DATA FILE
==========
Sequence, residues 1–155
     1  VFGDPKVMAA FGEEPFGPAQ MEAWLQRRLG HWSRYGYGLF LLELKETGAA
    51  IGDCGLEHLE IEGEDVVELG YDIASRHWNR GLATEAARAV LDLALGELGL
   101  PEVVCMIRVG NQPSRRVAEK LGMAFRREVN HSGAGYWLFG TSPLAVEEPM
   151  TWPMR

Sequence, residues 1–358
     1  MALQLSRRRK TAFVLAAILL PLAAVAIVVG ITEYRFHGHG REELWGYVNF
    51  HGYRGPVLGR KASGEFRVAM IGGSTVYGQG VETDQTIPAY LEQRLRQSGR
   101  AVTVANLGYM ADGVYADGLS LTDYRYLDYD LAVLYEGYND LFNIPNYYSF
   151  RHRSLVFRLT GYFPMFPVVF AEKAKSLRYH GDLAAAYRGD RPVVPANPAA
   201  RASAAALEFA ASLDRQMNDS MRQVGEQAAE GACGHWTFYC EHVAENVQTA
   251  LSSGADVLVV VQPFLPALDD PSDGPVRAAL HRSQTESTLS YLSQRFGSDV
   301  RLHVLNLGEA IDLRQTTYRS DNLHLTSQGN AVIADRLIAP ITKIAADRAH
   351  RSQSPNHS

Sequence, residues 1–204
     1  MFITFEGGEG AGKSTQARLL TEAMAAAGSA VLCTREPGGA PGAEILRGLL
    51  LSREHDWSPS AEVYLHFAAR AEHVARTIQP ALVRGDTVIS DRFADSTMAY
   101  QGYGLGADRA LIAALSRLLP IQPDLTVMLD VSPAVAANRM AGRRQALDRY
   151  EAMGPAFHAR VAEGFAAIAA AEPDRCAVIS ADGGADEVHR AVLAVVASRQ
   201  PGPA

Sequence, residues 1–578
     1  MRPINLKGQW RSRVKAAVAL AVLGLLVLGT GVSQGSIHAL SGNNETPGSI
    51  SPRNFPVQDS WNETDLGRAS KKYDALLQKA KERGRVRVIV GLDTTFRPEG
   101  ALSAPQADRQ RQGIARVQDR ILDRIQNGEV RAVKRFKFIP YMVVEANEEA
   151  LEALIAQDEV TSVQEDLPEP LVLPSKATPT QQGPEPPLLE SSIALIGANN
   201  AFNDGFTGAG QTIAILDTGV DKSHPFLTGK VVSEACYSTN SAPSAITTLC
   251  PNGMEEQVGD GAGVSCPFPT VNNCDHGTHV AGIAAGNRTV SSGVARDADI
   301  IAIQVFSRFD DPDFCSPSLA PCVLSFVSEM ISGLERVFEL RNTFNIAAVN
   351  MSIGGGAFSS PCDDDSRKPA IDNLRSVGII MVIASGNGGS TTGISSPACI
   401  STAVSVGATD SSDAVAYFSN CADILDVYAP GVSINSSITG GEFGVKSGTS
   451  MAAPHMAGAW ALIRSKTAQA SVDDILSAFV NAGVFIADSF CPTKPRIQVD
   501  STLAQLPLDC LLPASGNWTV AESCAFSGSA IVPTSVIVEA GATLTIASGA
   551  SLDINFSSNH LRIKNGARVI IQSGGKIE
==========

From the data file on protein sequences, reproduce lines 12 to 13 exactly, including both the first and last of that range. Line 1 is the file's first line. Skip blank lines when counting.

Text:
   251  LSSGADVLVV VQPFLPALDD PSDGPVRAAL HRSQTESTLS YLSQRFGSDV
   301  RLHVLNLGEA IDLRQTTYRS DNLHLTSQGN AVIADRLIAP ITKIAADRAH